In “Shaping the World: Sculpture from Prehistory to Now,” the issue crying out to be addressed is: where will sculpture go next?
This exhibition, Antony Gormley returns repeatedly to the motif of the artist’s own body to explore the significance of differences in scale and the negative space around an artwork.
Is there something self-aggrandizing about Gormley’s career-long obsession with making casts of his own body?
British artist Antony Gormley is the first to present new works on the island, a UNESCO world heritage monument and important site in Greek mythology, since was inhabited.
Antony Gormley has consistently plied a practice that’s about articulations and permutations of the human body, often fabricating his forms in materials that can withstand the vicissitudes of the natural environmental.
Last December, after cultural preservationists in England realized that many of the nation’s postwar public sculpture have disappeared from the landscape over a number of decades, they issued a public call to attempt to trace or even recover them.
On this week’s art crime blotter: a trucker took down an Antony Gormley statue, vandals hammered a shiny public sculpture, and a Swiss dealer got in trouble for selling stolen Picassos to a Russian billionaire.
All flags bear the stain of conquest.
When Antony Gormley’s “Event Horizon,” a series of 30 life-size fiberglass sculptures cast from the artist’s body, were first installed on rooftops around the city of London in 2007, people mistook them for suicide jumpers and called the police. Now, a presentation of “Event Horizon” in Hong Kong has been canceled because of a real suicide, The Art Newspaper reported.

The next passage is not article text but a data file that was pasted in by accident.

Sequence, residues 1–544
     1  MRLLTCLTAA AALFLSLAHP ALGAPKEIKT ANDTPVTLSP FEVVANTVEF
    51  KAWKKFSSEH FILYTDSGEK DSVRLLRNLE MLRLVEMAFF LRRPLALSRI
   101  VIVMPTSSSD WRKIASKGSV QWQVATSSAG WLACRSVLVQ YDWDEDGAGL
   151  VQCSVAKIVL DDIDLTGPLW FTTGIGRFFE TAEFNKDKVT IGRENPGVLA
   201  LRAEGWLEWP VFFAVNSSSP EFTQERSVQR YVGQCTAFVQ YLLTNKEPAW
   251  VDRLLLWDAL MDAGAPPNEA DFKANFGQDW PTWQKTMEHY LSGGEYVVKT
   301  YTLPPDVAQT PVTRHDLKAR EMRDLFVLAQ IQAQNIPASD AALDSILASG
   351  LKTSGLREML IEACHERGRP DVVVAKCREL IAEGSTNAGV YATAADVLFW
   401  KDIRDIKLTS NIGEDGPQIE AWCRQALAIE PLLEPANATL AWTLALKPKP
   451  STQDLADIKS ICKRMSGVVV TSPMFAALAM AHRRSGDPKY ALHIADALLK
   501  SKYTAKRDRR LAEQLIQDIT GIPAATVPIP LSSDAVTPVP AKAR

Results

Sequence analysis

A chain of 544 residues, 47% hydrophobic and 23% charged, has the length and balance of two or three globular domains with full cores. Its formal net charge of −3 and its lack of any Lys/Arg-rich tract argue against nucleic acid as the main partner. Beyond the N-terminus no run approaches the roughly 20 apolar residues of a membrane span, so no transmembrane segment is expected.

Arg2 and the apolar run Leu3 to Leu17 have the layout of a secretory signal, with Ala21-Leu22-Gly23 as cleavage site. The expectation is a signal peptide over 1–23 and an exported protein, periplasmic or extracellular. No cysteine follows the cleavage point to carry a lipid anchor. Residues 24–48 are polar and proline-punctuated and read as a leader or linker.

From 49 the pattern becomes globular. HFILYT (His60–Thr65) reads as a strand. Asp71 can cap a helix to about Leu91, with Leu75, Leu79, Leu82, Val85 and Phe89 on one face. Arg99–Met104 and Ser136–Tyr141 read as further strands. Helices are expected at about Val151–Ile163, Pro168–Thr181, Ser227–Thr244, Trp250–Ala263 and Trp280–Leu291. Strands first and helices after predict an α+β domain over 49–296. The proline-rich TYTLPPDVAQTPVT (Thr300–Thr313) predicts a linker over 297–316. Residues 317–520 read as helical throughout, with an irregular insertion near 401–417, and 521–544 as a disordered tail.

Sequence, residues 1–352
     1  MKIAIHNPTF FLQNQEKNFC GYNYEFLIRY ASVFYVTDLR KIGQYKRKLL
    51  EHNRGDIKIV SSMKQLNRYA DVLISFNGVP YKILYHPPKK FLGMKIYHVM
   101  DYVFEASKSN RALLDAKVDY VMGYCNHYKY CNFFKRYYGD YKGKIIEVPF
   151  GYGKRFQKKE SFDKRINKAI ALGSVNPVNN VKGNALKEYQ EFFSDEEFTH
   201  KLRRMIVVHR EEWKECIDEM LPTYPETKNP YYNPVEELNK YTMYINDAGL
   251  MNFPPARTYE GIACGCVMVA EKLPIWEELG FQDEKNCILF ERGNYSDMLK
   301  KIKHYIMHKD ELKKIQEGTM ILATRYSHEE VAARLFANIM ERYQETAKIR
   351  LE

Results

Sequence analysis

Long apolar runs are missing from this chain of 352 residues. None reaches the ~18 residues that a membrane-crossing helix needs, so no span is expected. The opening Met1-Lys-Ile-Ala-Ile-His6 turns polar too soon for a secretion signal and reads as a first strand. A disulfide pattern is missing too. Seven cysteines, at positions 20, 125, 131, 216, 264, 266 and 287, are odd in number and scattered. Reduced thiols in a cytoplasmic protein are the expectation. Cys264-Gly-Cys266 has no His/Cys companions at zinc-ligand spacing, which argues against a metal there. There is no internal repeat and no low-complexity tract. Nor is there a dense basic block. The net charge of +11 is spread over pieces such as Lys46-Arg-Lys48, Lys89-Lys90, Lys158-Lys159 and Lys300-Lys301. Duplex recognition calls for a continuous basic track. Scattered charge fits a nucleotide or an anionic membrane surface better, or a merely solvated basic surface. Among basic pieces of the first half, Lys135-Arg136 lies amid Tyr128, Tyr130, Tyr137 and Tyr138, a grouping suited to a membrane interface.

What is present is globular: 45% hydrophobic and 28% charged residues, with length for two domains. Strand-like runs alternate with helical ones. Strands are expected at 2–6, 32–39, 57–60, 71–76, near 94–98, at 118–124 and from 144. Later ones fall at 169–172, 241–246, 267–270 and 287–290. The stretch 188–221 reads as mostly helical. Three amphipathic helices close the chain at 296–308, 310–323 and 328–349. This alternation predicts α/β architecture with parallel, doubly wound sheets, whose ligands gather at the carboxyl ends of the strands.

BERKELEY, California — At Haines Gallery in San Francisco’s Financial District, I finally got to see Ai Weiwei’s notorious “Kui Hua Zi” (Sunflower Seeds). There has been much hype around Ai Weiwei and this particular installation, and seeing it caught me by surprise. The Haines Gallery installation was smaller than I expected and much calmer than the media surrounding it. Yet as I looked on, the piece and its maker’s history withdrew into the background, while its powerful implications and art historical relevance grew. It is a truly remarkable piece.
One of the definitions given by the OED for sculpture is, “as a type of silence or absence of movement of feeling.” After 700 hours of sitting ‘still as a statue’ and silently engaging a series of 1400+ visitors at MoMA, Abramović has completed what is being hailed the longest work of performance art.
At its best, modern art begs the question, “Is this art?” There is a death wish that threads modernity – death of God, death of the author, death of history, even the death of the modernity itself (the post-modern) but perhaps most insistently of all, is the existential interrogation that is modern art.